As the lone officer approached, a distraught Shania Paige, 19, held out a pocket knife and locked eyes with her.
Just as Paige planned, Const. Erica Sinclair drew her gun, but instead of shooting, she kicked Paige in the legs, sending her to the ground where the two scuffled in a snowbank.
"It’s not easy to kill yourself," Paige later told police as she sat in a jail cell, arrested that January night for assaulting a police officer. She’s been in jail ever since.
"I’ve been wanting to get shot by police for a month now. Drug overdoses don’t work," she told police. "Even if you stab yourself in the stomach, you might screw up your life but you might not die."
The sad details of Paige’s case were revealed in a Barrie courtroom last week.
She suffers from bipolar disorder, cuts herself and has tried repeatedly to end her life.
She used to reach out to the suicide hotline almost daily — but not anymore after police charged her with public mischief last June for making "bogus" calls.
"She was punished because she didn’t actually kill herself," her outraged lawyer, Angela McLeod, told the judge. "She is not able to use that service any longer for fear she will be arrested."
So the next time Paige found herself in crisis, back in November, she went to the mental-health crisis service at Royal Victoria Regional Health Centre in Barrie. Now she’s banned from using that service as well.
In that case, Paige refused to let go of the bottle of hand sanitizer.
"She became agitated and refused to give back the bottle of hand sanitizer," Crown attorney Jenna Dafoe explained. "She became belligerent."
Two security officers came to "de-escalate" the situation, and a "reasonable use of force" was used to escort her out of the hospital, court heard. But somehow in the melee, her arm was broken in three places, requiring surgery. She was also charged with another assault.
"She was in the throes of a crisis, yet she was being kicked out of the hospital … because she was obsessed with a bottle of hand sanitizer," said McLeod, who noted Paige remains under a trespass order from the Barrie hospital.
"She had no where else to go."
Dafoe asked for a nine-month jail sentence for both assault charges.
"Ms. Paige’s behaviour is escalating," Dafoe said, noting there have been 101 mental-health cases involving police since February. "The previous programs and supports have not proven to be efficient … Ms. Paige is getting worse.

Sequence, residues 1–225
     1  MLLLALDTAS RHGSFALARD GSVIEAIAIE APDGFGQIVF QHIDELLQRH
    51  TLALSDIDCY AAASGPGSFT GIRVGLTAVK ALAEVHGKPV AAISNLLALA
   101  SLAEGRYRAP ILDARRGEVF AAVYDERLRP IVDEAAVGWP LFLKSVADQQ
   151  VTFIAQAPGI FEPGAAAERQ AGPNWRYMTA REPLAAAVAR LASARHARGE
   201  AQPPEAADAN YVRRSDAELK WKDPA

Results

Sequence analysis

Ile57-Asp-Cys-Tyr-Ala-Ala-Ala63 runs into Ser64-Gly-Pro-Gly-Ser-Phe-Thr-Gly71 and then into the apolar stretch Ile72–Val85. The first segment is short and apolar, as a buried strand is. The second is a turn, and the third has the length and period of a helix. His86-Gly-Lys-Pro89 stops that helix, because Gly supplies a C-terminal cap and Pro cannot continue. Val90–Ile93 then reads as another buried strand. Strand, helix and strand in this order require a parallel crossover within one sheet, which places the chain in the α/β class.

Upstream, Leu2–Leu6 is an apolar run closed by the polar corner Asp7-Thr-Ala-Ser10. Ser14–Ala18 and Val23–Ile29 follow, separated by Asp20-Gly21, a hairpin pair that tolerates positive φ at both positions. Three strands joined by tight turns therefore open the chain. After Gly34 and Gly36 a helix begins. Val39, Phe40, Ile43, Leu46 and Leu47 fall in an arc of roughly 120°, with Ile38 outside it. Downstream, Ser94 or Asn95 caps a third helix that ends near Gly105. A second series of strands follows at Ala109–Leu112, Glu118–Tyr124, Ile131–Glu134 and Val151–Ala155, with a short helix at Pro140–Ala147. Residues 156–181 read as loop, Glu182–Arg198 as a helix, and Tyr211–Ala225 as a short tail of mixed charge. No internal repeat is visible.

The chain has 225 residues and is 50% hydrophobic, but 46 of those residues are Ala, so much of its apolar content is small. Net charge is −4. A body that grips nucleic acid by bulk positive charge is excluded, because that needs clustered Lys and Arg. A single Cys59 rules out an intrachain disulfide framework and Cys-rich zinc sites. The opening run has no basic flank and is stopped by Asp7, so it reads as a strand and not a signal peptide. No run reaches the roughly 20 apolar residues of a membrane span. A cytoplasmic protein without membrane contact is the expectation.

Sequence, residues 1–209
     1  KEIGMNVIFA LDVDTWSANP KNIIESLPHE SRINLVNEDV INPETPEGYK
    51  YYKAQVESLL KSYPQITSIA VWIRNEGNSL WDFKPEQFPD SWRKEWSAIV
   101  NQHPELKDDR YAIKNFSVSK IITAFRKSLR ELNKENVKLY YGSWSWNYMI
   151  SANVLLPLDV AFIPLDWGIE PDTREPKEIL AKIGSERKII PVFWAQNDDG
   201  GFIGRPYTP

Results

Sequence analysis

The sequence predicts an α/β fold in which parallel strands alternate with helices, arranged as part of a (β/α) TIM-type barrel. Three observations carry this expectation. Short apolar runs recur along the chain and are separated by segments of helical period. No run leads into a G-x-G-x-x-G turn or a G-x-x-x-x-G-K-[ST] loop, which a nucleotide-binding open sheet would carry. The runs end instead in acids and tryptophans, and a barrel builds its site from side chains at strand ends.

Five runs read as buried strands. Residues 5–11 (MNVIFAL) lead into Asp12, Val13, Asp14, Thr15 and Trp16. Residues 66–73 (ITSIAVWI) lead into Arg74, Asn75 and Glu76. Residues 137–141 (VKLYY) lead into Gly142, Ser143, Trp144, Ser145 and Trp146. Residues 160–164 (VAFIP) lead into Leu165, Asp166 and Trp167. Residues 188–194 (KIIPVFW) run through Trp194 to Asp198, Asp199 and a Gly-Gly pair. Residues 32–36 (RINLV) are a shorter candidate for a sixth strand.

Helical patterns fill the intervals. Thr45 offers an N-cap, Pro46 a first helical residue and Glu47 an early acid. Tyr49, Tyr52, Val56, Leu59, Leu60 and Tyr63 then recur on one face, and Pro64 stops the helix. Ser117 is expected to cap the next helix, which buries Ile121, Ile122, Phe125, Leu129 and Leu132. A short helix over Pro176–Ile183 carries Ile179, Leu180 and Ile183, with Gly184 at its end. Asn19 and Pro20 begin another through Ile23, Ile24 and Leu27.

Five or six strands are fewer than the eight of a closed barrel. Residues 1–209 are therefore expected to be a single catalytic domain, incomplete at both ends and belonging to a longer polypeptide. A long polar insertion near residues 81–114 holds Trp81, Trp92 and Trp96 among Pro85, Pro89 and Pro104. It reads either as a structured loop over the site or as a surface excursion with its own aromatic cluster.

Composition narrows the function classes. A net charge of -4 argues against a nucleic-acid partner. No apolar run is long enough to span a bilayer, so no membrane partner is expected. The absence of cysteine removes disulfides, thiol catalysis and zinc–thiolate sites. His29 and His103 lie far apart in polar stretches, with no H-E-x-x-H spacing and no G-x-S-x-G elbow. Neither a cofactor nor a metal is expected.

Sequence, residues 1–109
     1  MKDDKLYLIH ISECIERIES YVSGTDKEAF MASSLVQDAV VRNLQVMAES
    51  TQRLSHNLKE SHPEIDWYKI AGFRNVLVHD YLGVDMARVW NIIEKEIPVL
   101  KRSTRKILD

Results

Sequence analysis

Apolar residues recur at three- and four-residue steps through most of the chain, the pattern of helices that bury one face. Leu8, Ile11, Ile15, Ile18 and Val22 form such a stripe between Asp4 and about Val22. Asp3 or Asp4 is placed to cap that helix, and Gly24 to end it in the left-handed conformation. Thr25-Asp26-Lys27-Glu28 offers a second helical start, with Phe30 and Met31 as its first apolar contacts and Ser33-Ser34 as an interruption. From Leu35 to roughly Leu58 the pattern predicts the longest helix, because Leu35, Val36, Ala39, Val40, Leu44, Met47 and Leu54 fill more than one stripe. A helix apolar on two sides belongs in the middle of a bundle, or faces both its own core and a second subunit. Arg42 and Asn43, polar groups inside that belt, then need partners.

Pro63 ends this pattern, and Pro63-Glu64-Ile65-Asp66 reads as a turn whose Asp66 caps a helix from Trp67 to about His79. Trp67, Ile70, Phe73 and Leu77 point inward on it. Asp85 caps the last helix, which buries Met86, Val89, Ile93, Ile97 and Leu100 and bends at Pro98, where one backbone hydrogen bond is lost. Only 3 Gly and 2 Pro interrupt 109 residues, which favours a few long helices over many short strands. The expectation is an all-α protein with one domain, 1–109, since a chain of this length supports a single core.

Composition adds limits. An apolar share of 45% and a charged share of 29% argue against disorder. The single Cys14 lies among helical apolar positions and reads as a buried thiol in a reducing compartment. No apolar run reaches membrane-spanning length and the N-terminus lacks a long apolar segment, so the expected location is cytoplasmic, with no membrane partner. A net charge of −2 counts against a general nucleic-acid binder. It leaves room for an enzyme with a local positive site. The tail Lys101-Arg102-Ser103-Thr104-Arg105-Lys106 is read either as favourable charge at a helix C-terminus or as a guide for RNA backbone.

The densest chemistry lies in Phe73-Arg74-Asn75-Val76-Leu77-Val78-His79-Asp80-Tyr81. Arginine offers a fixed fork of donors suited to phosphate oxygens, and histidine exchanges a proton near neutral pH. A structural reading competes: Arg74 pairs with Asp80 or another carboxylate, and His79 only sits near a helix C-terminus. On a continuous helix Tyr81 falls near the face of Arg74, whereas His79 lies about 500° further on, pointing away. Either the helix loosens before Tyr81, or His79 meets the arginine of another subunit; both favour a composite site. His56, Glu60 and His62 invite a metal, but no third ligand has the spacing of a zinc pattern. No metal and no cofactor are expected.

"When she snaps, she causes great and immediate danger … Our officers have to make snap decisions and then are scrutinized by the public."
In his ruling, Judge Nyron Dwyer praised the police officer for preventing a potentially disastrous outcome, but shot down the Crown’s request for a lengthy jail sentence.
"Unfortunately, our criminal justice system seems to be the repository for people with mental-health illnesses," the judge said.
He handed Paige a three-month jail sentence with three years’ probation.
Judge Nyron Dwyer:
"This young woman needs treatment. She has bipolar disorder. It is not of her choosing. She is just as much a member of the community as anyone else."
"The police are hamstrung. The mental-health services are hamstrung."
"Just because solutions may be difficult, we can’t allow ourselves to get to a point where general deterrence for these people means a lengthy jail sentence."
Defence lawyer Angela McLeod:
"Sadly, this is all too reminiscent of the Ashley Smith case and other young women like her who have taken their lives while in custody because of a lack of resources to deal with mental illness."
"How is it that despite the devastating outcomes of cases like Ashley Smith and Sammy Yatim, we are still having these problems? Have we learned nothing?"
"A bottle of hand sanitizer? Really?"
In a letter submitted to the court, Alanna Hargan, a Central North Correction Centre representative, asks the judge not to send Shania Paige to jail:
"We have seen the consequences of young girls with (mental illness) in the institutions and how a lack of support can lead to devastating effects."